A Note to our Communities

Donate to COVID Relief

Information for HSHS Colleagues

Hospital Event Cancellations

What to Do

 

We know there are certain things to be true as we face this virus.  Proper hand hygiene is perhaps the best defense.  Wash your hands with soap and warm water for at least 20 seconds and do so often, especially before eating, after going to the bathroom, and after blowing your nose, coughing or sneezing.  If soap is not available, use hand sanitizer with at least 60 percent alcohol.  Stay home if you are sick.  If you sneeze, do so into the fold of your elbow or into a tissue and then throw the tissue away.  Cover your mouth to cough.  Avoid touching your eyes, nose and mouth with unwashed hands.  Practice social distancing and avoid others who are sick.  Clean and disinfect frequently touched objects and surfaces.  
 
If you think you are sick, please call your primary care doctor’s office, try our virtual doctors’ office called HSHS Anytime Care at www.anytimecare.com or access Prevea Health‘s Virtual Care by visiting www.prevea.com/virtualcare.  You can also call the COVID-19 hotline at 1-800-889-3931. Upon using any of these resources, advice will be given on next steps for you to take. Try to avoid going to the emergency department unless it is a truly urgent situation. 

We'll Keep You Updated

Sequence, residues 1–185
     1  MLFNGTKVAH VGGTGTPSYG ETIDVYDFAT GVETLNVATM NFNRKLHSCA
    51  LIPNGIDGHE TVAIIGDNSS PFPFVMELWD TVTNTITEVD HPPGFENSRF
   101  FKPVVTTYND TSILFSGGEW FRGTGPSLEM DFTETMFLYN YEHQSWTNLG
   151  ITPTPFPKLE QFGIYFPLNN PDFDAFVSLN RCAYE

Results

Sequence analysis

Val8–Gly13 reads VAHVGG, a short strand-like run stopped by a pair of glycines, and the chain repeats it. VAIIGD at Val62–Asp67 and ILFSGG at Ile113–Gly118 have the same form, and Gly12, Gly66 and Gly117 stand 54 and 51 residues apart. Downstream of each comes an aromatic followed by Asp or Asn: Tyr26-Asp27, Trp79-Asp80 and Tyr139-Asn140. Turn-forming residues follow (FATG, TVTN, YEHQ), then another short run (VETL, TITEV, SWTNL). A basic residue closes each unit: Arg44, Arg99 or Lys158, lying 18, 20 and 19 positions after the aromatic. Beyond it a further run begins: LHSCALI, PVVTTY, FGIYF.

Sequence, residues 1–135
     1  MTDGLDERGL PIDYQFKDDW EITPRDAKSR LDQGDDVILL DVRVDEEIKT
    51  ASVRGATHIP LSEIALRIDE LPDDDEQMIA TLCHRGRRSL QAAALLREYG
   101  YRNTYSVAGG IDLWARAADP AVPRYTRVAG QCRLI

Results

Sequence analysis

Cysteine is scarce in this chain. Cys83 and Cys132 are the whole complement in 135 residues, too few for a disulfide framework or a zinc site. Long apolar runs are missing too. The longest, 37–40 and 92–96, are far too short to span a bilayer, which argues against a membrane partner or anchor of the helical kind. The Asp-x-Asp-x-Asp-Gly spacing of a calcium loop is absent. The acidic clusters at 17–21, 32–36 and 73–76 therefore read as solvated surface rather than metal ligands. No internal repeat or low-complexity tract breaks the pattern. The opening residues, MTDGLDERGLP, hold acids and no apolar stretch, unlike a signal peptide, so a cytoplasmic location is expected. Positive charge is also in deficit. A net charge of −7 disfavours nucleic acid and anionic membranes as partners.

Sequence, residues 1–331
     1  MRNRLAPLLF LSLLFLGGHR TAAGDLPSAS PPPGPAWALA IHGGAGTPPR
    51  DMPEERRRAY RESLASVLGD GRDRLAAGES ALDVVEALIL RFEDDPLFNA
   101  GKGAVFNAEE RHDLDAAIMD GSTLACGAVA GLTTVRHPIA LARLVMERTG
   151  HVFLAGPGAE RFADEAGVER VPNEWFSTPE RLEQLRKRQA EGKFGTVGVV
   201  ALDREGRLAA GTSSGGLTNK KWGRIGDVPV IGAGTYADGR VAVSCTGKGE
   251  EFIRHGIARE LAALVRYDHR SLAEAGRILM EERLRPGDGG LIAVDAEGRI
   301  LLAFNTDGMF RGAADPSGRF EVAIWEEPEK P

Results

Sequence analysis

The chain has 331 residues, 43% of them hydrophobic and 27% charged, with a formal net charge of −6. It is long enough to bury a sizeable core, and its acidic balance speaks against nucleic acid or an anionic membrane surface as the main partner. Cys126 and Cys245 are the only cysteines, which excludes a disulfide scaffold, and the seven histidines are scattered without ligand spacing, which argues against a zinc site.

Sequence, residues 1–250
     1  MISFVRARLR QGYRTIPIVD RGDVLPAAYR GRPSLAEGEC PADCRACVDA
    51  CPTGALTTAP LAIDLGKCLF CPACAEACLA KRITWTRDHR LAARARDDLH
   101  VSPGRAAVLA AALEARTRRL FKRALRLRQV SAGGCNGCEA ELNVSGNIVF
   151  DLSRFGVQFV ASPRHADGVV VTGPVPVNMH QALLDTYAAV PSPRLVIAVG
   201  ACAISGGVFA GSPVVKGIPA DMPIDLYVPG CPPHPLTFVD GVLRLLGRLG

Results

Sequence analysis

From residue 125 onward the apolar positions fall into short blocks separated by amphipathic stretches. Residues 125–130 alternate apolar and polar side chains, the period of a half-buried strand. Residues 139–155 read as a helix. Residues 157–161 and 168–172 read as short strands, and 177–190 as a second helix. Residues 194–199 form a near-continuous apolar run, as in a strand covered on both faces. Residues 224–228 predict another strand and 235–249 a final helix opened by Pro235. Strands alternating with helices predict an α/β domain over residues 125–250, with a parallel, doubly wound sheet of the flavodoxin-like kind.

Several of our ministries have cancelled or postponed community events.


These decisions are not made lightly, but they are necessary precautions we must take to protect the health of our communities.  As health care professionals, we feel we have a responsibility to demonstrate best practices and lead the way as we navigate through these times.  
 
This continues to be a rapidly evolving situation, and we are committed to keeping our communities, patients and colleagues safe and informed. We will be updating the information on this web page frequently and as necessary.  

Get Your Questions Answered

 

On this page, we’ve gathered answers to some frequently asked questions. We are constantly monitoring new guidance from the Centers for Disease Control and PreventionIllinois Department of Public Health, the Wisconsin Department of Health Services, and local health departments, and we encourage you to seek out trusted information from these agencies if you have further questions or concerns.

COVID-19: What You Need to Know

 

The Illinois Department of Public Health has launched a coronavirus hotline to answer questions about the coronavirus and where people can report suspected cases of the disease.

Hotline number: 800-889-3931

You can also visit their website to view information on COVID-19.  

The Wisconsin Department of Health Services also has a dedicated section on their website to COVID-19.  

The Centers for Disease Control and Prevention website is also an excellent resource.  

What is COVID-19?

 

COVID-19 is a novel (new) coronavirus that was first detected in Wuhan City, Hubei Province, China, in December 2019. People who get sick with COVID-19 develop mild to severe respiratory illness with symptoms including fever, cough and difficulty breathing. Illness can begin two to 14 days after exposure.

Although you may hear COVID-19 referred to simply as “coronavirus,” this is not entirely accurate. There are many types of coronaviruses, including the common cold. COVID-19 has caused concern among global health experts because it is new, and because its symptoms can become severe in some cases